valency
VERONIKA KOLÁŘOVÁ

147

MotionML: Motion Markup Language – a shallow approach for annotating motions in text
OLEKSANDR KOLOMIYETS, MARIE-FRANCINE MOENS

151

Use of dedicated multimodal corpora for curriculum implications of EAP/ESP programs in
ESL settings
MENIKPURA DSS KUMARA

154

Early Modern English vocabulary growth
IAN LANCASHIRE, ELISA TERSIGNI

156

Detecting cohesion: semi-automatic annotation procedures
EKATERINA LAPSHINOVA-KOLTUNSKI, KERSTIN ANNA KUNZ

160

Procedures for automatic corpus enrichment with abstract linguistic categories
EKATERINA LAPSHINOVA-KOLTUNSKI, STEFANIA DEGAETANO-ORTLIEB, HANNAH KERMES,
ELKE TEICH

163

The correlation between lexical core index, age-of-acquisition, familiarity and imageability
JOHN HANHONG LI

167

Phraseological discourse actors in English academic texts
JINGJIE LI, WENJIE HU

171

China English Corpus construction on an open corpus platform
LI WENZHONG

173

Sparing a free hand: context-based automatic categorisation of concordance lines
MAOCHENG LIANG

175

‘What is the environment doing in my report?’ Analysing the environment-as-stakeholder
thesis through corpus linguistics
ALON LISCHINSKY

177

Using quantitative measures to investigate the relative roles of languages participating in codeswitched utterances
CATHY LONNGREN-SAMPAIO

179

“The results demonstrate that …”. A corpus-based analysis of evaluative that-clauses in
medical posters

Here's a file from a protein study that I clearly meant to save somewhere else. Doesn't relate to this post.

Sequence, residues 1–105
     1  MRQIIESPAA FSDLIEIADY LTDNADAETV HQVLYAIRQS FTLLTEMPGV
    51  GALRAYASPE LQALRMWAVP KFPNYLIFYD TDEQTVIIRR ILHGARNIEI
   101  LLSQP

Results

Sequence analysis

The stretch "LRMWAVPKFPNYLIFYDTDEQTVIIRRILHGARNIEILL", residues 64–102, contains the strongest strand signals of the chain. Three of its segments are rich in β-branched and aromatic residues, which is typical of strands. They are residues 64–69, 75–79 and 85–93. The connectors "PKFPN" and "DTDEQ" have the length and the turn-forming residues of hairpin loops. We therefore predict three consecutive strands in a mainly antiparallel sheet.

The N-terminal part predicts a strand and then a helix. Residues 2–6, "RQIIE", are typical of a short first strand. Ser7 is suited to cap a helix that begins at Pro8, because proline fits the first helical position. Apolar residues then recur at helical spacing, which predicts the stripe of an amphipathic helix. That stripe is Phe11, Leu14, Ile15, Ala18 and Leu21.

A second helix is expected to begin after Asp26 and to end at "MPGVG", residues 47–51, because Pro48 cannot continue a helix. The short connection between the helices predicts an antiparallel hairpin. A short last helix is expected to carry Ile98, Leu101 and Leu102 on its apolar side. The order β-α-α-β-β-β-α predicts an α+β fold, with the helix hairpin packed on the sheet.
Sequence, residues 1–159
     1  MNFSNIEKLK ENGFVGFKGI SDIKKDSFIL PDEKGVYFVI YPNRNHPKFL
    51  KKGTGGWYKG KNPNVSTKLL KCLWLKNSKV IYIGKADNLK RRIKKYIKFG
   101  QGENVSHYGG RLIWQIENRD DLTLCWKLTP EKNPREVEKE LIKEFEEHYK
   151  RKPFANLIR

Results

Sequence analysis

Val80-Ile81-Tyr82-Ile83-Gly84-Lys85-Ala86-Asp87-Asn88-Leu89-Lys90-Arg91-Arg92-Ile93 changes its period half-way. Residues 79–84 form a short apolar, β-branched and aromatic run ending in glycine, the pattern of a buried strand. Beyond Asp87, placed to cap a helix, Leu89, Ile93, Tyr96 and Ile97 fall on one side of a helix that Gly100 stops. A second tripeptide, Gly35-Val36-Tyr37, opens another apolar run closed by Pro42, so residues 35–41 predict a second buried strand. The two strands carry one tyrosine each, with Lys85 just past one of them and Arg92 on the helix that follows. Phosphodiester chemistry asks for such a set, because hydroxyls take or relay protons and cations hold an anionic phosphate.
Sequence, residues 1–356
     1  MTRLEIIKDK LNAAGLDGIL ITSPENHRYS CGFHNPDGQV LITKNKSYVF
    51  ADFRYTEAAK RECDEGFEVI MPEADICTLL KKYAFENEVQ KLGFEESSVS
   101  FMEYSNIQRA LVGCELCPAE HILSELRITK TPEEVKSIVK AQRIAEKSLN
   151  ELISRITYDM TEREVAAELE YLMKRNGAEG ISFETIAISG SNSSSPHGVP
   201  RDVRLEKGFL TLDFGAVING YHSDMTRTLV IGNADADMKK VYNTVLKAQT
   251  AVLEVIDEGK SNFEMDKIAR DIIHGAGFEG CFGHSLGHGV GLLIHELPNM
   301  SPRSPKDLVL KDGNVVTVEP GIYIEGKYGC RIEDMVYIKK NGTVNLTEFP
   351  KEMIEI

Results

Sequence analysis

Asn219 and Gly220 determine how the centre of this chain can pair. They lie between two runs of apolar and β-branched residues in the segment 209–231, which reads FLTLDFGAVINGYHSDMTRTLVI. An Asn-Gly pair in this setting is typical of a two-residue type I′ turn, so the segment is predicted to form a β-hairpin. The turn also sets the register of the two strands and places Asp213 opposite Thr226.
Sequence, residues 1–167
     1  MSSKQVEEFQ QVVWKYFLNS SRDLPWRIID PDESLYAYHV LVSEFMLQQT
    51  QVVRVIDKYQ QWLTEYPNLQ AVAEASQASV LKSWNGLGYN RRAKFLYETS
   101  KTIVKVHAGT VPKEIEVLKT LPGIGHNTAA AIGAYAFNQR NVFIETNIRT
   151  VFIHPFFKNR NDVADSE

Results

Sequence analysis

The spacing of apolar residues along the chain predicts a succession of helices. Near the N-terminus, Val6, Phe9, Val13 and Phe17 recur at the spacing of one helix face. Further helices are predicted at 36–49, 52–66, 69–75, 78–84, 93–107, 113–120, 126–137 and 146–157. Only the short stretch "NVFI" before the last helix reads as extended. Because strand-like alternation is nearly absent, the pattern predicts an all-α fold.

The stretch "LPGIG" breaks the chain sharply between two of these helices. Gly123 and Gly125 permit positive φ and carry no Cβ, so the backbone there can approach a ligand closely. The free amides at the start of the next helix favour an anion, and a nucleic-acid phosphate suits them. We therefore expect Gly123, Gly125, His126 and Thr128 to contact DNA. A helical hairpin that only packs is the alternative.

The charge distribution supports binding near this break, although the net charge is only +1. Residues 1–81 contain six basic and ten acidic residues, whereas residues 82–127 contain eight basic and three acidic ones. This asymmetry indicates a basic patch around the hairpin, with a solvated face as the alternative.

STEFANIA M. MACI

181

Reading Dickens’s characters: investigating the cognitive reality of patterns in texts
MICHAELA MAHLBERG, KATHY CONKLIN

183

Experimenting with objectivity in corpus and discourse studies: expectations about LGBT
discourse and a game of mutual falsification and reflexivity
ANNA MARCHI, CHARLOTTE TAYLOR

184

Have – causative, or experiential? A parallel corpus-based study
MICHAELA MARTINKOVÁ

186

v


Annotating translation errors in Brazilian Portuguese automatically translated sentences: first
step to automatic post-edition
DÉBORA BEATRIZ DE JESUS MARTINS, LUCAS VINICIUS AVANÇO,
MARIA DAS GRAÇAS VOLPE NUNES, HELENA DE MEDEIROS CASELI

189

Corpus-driven terminology and cultural aspects: studies in the areas of football, cooking and
hotels
SABRINA MATUDA, ROZANE REBECHI, SANDRA NAVARRO

192

Is there a reputational benefit to hosting the Olympics and Paralympics? A corpus-based
investigation
TONY MCENERY, AMANDA POTTS, RICHARD XIAO

195

Take a mirror and take a look: Reassessing usage of polysemic verbs with concrete and light
senses
SETH MEHL

197